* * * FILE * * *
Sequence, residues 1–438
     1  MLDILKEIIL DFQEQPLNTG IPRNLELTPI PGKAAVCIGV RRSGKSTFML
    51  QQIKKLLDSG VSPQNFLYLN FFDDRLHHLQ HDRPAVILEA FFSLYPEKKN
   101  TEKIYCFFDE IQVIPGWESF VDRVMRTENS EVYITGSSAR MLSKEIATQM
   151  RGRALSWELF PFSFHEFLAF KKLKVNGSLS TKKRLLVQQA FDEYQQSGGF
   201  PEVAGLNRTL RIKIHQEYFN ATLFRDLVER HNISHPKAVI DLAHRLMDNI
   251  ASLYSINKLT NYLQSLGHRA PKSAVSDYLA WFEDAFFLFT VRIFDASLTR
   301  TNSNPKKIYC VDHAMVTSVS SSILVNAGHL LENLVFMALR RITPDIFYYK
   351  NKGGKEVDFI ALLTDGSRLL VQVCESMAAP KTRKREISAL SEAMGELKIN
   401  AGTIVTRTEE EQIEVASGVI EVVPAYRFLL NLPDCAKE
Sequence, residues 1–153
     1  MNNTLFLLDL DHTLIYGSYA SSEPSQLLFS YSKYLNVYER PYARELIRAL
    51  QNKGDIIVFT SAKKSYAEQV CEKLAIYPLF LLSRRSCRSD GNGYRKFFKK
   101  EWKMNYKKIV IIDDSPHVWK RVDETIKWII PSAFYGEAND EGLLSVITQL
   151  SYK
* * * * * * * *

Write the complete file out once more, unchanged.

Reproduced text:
Sequence, residues 1–438
     1  MLDILKEIIL DFQEQPLNTG IPRNLELTPI PGKAAVCIGV RRSGKSTFML
    51  QQIKKLLDSG VSPQNFLYLN FFDDRLHHLQ HDRPAVILEA FFSLYPEKKN
   101  TEKIYCFFDE IQVIPGWESF VDRVMRTENS EVYITGSSAR MLSKEIATQM
   151  RGRALSWELF PFSFHEFLAF KKLKVNGSLS TKKRLLVQQA FDEYQQSGGF
   201  PEVAGLNRTL RIKIHQEYFN ATLFRDLVER HNISHPKAVI DLAHRLMDNI
   251  ASLYSINKLT NYLQSLGHRA PKSAVSDYLA WFEDAFFLFT VRIFDASLTR
   301  TNSNPKKIYC VDHAMVTSVS SSILVNAGHL LENLVFMALR RITPDIFYYK
   351  NKGGKEVDFI ALLTDGSRLL VQVCESMAAP KTRKREISAL SEAMGELKIN
   401  AGTIVTRTEE EQIEVASGVI EVVPAYRFLL NLPDCAKE
Sequence, residues 1–153
     1  MNNTLFLLDL DHTLIYGSYA SSEPSQLLFS YSKYLNVYER PYARELIRAL
    51  QNKGDIIVFT SAKKSYAEQV CEKLAIYPLF LLSRRSCRSD GNGYRKFFKK
   101  EWKMNYKKIV IIDDSPHVWK RVDETIKWII PSAFYGEAND EGLLSVITQL
   151  SYK